With an impending election on the American horizon, it seems fitting for a few political dramas/thrillers/think pieces to start finding their way into cinemas. Everyone seems to have their own (correct) opinion in regards to political action these days, as social media and journalistic “investigation” only strengthen everyone’s singular voice. But with so many other poignant political assessments already logged in Hollywood’s catalog, it’s hard to find much weight in the issues that Austin Stark’s The Runner raises. It’s an oil-spill-gone-worse scenario that’s more about a struggling politician than White House corruption itself, led by a tormented Nicolas Cage in one of his better roles of the last few years (sans Kick-Ass, Joe, and of course, Drive Angry). Yet, by the film’s conclusion, no new ground finds itself covered.
Nicolas Cage plays Colin Price, a Louisiana politician who gains notoriety after his passionate speech about recovery efforts in the wake of BP’s 2010 oil spill. He becomes an overnight sensation, with thoughts of running for Senate, but campaigning quickly derails after a sexual scandal hits the press just as his streets seem to be paved with gold. Spiraling out of control, Price is forced to face his demons head-on while charting a course for future political endeavors. If he lays his head low enough and learns a little from his ex-politician father, Rayne (Peter Fonda), he just might have a chance of reuniting with his estranged wife Deborah (Connie Nielsen) for another strategic Senate run. If not, then he’ll be buried and forgotten for one stupid mistake.
I know what you’re thinking – Nicolas Cage starring in yet another barely marketed limited release. Chalk up another loss for America’s favorite castle-owning lunatic (does he still own that thing?), and brush it under the rug like Left Behind, Rage, Outcast, and all the rest. But while The Runner will certainly join that continually growing pile of underwhelming junk, it certainly isn’t Cage’s fault. He does the best with what he’s given, and while Colin Price isn’t exactly on Terence McDonagh’s level of debauchery (Bad Lieutenant: Port Of Call New Orleans), Cage channels an inner power that balances both sleaziness and sincerity with a deplorable likability.
In essence, Colin Price is a rather generic politician. He speaks with authority, surrounds himself with immensely talented campaign associates, holds a positive public image, and knows how the play the game. He understands when to strike while the iron is hot. Yet, on the other side of the spectrum, he’s also an adulterer with secrets being held from the public. Nothing about this story is new (Anthony “Carlos Danger” Weiner ), but Cage fares well as a “runner” who reveals an actual want to serve society. Despite the cheerleader coaches, whiskey binges, and occasional hookers, Cage is still able to strike a good-natured depth in Price that makes us root for his re-election (something those no-good press journalists obviously spin against him).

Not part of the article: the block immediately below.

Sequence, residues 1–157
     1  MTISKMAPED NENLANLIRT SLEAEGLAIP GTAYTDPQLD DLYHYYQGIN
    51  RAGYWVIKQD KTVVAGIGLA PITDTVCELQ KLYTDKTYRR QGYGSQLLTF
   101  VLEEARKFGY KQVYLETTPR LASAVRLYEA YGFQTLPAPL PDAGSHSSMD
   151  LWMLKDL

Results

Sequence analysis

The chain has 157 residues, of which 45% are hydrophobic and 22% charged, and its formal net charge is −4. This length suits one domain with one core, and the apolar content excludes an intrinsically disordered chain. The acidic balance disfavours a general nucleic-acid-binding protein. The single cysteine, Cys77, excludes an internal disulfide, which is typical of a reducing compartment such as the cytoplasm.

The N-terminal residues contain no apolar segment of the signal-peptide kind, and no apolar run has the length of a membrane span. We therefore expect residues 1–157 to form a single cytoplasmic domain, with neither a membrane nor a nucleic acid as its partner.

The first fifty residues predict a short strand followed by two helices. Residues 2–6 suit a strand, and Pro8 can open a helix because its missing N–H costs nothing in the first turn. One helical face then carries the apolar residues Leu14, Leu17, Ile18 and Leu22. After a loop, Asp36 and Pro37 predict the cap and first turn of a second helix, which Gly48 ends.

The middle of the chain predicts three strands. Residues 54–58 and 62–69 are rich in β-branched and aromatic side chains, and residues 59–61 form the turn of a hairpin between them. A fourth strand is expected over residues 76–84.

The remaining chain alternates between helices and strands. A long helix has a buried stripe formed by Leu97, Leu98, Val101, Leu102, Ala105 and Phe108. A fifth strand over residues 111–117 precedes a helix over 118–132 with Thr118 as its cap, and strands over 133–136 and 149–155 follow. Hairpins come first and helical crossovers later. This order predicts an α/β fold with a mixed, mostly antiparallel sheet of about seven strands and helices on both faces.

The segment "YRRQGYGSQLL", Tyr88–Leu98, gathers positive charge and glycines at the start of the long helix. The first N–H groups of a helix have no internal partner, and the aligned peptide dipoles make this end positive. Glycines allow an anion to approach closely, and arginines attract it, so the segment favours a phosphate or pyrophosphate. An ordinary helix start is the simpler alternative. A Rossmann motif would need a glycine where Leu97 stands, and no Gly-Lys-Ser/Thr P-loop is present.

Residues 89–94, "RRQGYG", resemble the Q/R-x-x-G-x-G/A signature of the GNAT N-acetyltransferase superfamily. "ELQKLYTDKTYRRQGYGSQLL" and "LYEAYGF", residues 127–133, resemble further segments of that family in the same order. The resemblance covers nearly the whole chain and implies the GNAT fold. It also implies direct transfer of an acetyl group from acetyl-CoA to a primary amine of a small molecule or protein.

Referencing The Runner as a motif, it’s all about moving forward. You don’t backtrack when you’re running (unless you’re one of those crazy cross-fit crazies). In the beginning of the film we see Price going for a Washington D.C. jog, and right before the credits roll, we see price going for another Washington D.C. jog. He repeatedly stresses the importance of pushing onward, whether it be an eventual acceptance back into public graces or regaining his wife’s trust, and the message works well in reminding us that life’s journey is going to have some speed bumps along the way (yours just might not involve a 27-year-old mistress).
Looking past this veil of determination, The Runner is exactly the generic beast that Nicolas Cage is fighting against. After the early climax of Colin’s inappropriate encounter, Stark struggles to make us care about Colin Price’s hopeful return to politics. It’s astutely shot and technologically savvy, but that doesn’t mean we automatically care about Price’s dull can-kicking act while waiting for his name to be cleared. Is he a humble, good man? Is he the bastard media outlets make him out to be? Eh, he’s just another wayward politician dealing with a serious case of first world problems that we never find a serious connection to. And given Cage’s attempt to make something more out of these weightless building blocks, it’s a damn shame to see.
While The Runner is just another mundane campaign trailblazer, it does confirm one comforting fact – Nicolas Cage still has some gas left in the tank. Don’t get me wrong. When he’s bad, it’s pretty damn hard to watch. But because Cage is almost able to save The Runner completely on his own – despite the help of Peter Fonda, Connie Nielsen, and Sarah Paulson – we’re able to walk away with a glimmer of hope for future Nic Cage features. Unfortunately, that’s about the only thing we can remain stoked about once Stark’s character dissection comes to an end, but hey, at least this new contender isn’t “CRAZY NICOLAS CAGE!” bad.
The Runner is bland, generic, and (surprisingly) ALMOST saved by a seriously invested Nicolas Cage.